Jemisin, like Ann Leckie’s multiple award-winning Ancillary Justice (2013), is indebted to the black and female authors who came before her. In particular, the influence of Octavia Butler, as indicated by the anthology of new writing, Octavia’s Brood (2015), has grown immeasurably since her premature death in 2006. Butler’s abiding preoccupation was with the compromises that the powerless would have to make with the powerful simply in order to survive. Her final sf novels, Parable of the Talents (1993) and Parable of the Sower (1998), tentatively posit a more utopian vision. This hard-won prospect owes something to both Joanna Russ’s no-nonsense ideal of Whileaway in The Female Man (1975) as well as the ‘ambiguous utopia’ of Ursula Le Guin’s The Dispossessed (1974). Leckie, in particular, has acknowledged her debt to Le Guin, but whilst most attention has been paid to the representation of non-binary sexualities in both the Ancillary novels and Le Guin’s The Left Hand of Darkness (1969), what binds both authors is their anarchic sense of individualism and communitarianism.
Whilst sf has, like many of its recent award-winning recipients, diversified over the decades, there is little sense of it having abandoned the Creature’s plaintive plea in Frankenstein: ‘I am malicious because I am miserable.’ It is the imaginative reiteration of this plea that makes sf into a viable form for speculating upon the future bases of citizenship and social justice.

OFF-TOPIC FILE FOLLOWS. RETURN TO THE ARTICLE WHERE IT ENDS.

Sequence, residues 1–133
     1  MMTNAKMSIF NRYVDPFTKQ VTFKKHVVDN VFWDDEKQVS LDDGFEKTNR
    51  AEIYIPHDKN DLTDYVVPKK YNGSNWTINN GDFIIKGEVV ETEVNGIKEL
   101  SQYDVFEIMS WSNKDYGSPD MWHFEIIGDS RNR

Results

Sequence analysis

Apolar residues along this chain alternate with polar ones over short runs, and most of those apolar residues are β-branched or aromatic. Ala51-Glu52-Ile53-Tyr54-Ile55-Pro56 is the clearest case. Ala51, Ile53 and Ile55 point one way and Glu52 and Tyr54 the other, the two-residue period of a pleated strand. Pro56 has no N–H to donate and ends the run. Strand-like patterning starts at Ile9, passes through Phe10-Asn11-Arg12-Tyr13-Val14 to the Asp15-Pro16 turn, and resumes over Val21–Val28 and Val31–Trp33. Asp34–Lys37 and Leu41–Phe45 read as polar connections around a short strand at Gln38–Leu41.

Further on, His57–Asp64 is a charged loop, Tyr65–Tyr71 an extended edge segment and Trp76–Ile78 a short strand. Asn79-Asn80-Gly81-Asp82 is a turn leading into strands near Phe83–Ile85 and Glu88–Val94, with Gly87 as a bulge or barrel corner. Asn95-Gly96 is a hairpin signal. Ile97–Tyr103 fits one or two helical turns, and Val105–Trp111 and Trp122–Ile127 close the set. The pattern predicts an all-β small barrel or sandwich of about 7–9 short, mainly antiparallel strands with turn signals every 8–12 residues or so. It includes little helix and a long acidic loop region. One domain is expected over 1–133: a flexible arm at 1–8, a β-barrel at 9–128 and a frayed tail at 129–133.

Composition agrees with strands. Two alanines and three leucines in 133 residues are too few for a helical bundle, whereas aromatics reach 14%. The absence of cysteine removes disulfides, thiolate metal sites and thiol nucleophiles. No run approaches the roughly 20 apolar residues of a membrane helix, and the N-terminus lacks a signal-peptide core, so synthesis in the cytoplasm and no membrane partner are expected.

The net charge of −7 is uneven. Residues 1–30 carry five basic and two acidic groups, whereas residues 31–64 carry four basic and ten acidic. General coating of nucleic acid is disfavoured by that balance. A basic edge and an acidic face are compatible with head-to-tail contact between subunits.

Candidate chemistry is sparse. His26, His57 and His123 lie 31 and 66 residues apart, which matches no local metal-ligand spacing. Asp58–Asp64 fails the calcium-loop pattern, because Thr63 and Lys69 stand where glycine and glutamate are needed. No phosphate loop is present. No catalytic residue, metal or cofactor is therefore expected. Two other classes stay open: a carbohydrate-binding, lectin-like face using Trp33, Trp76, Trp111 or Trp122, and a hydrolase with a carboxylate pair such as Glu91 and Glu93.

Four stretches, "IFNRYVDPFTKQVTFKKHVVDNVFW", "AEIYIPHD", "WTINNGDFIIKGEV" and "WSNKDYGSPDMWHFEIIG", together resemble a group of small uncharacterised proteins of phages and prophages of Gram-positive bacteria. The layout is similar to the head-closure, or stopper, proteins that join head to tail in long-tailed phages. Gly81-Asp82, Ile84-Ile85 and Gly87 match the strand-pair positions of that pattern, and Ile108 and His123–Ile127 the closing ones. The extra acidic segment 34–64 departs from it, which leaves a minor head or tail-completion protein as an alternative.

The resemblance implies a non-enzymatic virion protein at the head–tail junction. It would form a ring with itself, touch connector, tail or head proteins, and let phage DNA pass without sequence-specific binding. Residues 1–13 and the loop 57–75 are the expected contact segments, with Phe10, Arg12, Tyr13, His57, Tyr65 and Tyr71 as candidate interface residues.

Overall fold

As curator of the exhibition Monsters of the machine: Frankenstein in the 21st Century, I thought it necessary to interview the artists in the exhibition, while it is shown in the magnificent gallery space at Laboral, in Spain, until August 31st 2017. I wanted to get more of an idea of how they see their work in the show relates to the core themes. Mary Shelley’s book Frankenstein; or, The Modern Prometheus, has been interpreted in numerous ways since was written in 1816, and then published anonymously in London in 1818.
Eugenio Tisselli is a Mexican artist and programmer. He is a PhD candidate at Z-Node, the Zurich Node of the Planetary Collegium. Previously, he worked as an associate researcher at the Sony Computer Science Lab in Paris and was also a teacher and co-director of the Masters in Digital Arts program at the Pompeu Fabra University in Barcelona. In his role as director of the ojoVoz project, he has carried out extended workshops with small-scale farming communities in different parts of the world. The ojoVoz project may be accessed at http://ojovoz.net. His personal projects may be accessed at http://motorhueso.net
Marc Garrett: Can you explain how and why the Sauti ya wakulima, “The voice of the farmers” project came about?
Eugenio Tisselli: In 2010, I came to realize that the way we feed ourselves is actually one of the main drivers of the accelerated destruction of societies and ecosystems that is currently underway. I felt like I had been living in La-La-Land before the veil was ripped off. My life changed radically. At that time, I was collaborating in the megafone.net project which had worked since 2004 with several groups of people at risk of social exclusion in different parts of the world. By offering an unfiltered communications platform, consisting of mobile and web applications, the megafone project tried to help these groups to make their voices widely heard. But, in 2011, I left the project with the purpose of offering its tools and methodologies to farming communities who wished to seek recognition and explore different forms of communication.